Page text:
Celebration 2012 is officially underway. Southeast Alaska’s largest Native cultural gathering kicked off in earnest this morning (Thursday) with the Grand Entrance Procession in Juneau. KTOO’s Casey Kelly has more.
Dozens of groups, decked out in Chilkat blankets, button robes and other Native regalia, made their way singing, dancing and drumming through Juneau’s Willoughby District from the Alaska Native Brotherhood Hall to Centennial Hall.
Hundreds of spectators lined the parade route. Robert Sharclane, who grew up in Hoonah and now lives in Juneau, brought his kids.
“I’m half Tlingit, and it’s a fairly statewide, large and special event, and I just wanted them to participate in it and get an experience seeing it,” he said.
Sharclane’s nine-year-old daughter Pearl was wowed by the various dance groups.
“It’s cool to watch it and all the dresses they have,” she said.
Once all 55 groups made it into Centennial Hall, Sealaska Heritage Institute and Corporation officials formally opened the ceremony. SHI Trustee Clarence Jackson read a list of elders who have passed away since the last Celebration in 2010, including Dr. Walter Soboleff, the renowned Tlingit Presbyterian minister who helped found Sealaska Heritage Institute in 1980. Soboloeff was 102-years-old when he passed away last year.
Celebration was first held 30 years ago, after Sealaska Native Corporation founded the non-profit Heritage Institute to document and preserve the cultures and traditions of the Tlingit, Haida and Tsimshian people. The event is held every other year and has expanded to include Native groups from outside Southeast Alaska.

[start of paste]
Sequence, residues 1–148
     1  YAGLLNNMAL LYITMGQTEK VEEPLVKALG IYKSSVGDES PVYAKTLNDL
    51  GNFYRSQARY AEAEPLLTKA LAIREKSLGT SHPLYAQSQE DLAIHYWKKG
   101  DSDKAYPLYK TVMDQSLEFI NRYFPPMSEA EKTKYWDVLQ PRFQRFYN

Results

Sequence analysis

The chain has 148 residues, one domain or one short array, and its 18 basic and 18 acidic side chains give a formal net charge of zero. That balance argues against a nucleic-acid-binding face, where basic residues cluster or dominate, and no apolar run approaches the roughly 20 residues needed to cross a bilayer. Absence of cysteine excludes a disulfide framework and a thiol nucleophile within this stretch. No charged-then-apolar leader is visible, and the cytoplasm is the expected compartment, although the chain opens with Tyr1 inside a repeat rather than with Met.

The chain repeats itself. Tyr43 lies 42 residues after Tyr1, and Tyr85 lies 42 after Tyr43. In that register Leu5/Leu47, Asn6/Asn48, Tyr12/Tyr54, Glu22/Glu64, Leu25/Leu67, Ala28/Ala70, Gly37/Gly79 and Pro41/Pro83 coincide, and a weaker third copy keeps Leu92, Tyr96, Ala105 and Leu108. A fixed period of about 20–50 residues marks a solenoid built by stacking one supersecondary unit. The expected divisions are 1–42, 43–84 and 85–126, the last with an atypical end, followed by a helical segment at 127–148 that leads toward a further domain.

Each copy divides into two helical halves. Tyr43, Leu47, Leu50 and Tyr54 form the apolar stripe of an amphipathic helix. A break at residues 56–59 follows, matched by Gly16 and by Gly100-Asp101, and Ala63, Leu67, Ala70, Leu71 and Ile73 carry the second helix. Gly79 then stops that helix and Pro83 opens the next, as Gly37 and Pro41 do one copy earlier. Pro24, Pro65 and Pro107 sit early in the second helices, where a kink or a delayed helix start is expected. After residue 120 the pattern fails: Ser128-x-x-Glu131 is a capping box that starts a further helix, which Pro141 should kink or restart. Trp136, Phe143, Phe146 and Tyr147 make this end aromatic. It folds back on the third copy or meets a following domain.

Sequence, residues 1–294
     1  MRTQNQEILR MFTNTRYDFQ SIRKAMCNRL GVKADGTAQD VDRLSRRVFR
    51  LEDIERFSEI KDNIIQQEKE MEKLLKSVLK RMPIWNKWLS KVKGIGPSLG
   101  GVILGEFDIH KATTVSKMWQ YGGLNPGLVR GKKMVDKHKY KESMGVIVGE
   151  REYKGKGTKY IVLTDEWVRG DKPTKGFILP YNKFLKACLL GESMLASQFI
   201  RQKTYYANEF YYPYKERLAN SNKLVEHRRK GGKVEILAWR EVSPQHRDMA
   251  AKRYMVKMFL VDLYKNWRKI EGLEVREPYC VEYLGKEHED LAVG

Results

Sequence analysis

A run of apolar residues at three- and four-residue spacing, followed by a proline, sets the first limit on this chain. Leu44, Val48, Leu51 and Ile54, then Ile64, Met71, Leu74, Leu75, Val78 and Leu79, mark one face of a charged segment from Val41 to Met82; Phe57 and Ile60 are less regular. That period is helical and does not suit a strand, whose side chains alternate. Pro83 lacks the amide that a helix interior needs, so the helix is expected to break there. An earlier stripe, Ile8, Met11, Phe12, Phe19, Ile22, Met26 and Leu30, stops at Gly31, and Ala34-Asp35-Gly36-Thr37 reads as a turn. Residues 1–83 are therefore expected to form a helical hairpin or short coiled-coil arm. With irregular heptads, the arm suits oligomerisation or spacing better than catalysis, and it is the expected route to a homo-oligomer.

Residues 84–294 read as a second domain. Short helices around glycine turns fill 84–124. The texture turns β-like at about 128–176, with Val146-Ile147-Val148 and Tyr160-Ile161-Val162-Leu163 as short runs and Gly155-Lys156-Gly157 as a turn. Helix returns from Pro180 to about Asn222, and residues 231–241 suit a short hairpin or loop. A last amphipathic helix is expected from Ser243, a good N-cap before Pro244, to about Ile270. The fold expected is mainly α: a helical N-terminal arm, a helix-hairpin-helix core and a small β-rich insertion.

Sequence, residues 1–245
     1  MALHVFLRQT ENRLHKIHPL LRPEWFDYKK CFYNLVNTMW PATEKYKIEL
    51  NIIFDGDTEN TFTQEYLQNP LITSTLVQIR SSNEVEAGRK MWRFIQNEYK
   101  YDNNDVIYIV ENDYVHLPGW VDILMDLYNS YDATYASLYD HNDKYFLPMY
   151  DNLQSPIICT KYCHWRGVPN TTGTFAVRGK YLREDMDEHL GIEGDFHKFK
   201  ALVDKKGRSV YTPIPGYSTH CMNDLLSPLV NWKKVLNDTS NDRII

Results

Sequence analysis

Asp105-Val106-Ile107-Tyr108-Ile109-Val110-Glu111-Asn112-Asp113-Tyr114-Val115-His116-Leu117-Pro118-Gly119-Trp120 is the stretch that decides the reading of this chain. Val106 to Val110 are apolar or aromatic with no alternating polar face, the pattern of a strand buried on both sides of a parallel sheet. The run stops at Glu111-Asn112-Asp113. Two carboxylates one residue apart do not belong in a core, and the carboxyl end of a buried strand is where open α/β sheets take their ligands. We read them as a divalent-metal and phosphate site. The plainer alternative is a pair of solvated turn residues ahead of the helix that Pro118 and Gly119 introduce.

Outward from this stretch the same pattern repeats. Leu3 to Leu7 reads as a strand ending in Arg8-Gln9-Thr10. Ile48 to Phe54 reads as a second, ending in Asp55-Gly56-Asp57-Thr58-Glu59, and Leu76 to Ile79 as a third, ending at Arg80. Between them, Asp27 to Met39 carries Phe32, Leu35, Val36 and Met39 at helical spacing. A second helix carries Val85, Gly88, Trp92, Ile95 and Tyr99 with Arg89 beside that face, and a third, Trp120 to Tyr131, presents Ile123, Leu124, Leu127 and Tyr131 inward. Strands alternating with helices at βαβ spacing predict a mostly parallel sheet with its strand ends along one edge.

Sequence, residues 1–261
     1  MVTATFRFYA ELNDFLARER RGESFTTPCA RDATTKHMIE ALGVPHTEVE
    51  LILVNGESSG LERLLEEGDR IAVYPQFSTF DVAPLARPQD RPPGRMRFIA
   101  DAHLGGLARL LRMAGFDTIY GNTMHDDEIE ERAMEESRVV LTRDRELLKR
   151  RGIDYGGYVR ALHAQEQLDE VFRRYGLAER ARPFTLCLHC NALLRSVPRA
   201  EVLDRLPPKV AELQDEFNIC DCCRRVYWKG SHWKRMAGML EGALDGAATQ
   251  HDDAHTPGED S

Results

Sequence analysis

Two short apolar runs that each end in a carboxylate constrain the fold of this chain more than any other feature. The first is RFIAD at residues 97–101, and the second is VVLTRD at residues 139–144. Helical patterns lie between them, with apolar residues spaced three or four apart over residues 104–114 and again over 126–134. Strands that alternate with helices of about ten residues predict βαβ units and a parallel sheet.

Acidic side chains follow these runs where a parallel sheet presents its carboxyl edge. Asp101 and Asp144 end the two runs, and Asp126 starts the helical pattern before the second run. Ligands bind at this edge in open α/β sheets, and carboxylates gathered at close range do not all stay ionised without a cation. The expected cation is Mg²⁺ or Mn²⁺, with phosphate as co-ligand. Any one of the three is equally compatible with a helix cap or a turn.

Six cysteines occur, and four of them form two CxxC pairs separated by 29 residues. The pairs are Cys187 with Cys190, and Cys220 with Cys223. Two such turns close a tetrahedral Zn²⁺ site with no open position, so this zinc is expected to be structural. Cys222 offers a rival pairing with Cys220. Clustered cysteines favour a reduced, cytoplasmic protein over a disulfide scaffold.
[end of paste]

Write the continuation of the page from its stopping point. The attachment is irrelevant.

Representatives from the Nisqually Tribe of Washington performed a traditional welcome song at the Grand Entrance.
SHI President Rosita Worl thanked all the dance groups, which she credits for making Celebration a success.
“We owe Celebration to our dancers. We owe Celebration to our ancestors. We owe Celebration to our children,” Worl said. “We know our culture is going to be strong and carry on for the next 10,000 years.”
This year’s Celebration events run through Saturday at Centennial Hall and other locations around Juneau. Organizers estimate 2,000 people will participate, with another 5,000 attending as audience members.
- Large projects can often be contentious, and two of the most debated state projects in the past few years have been the Knik Arm Crossing and the Susitna-Watana Hydroelectric Project.
- Gov. Bill Walker announced an additional $10 million cut to the University of Alaska.
- The largest share of that cut is to the account the state uses to partially reimburse local governments for school bonds.
- Inmates will be moved to other corrections centers and halfway houses or possibly put on ankle monitoring, depending on the situation.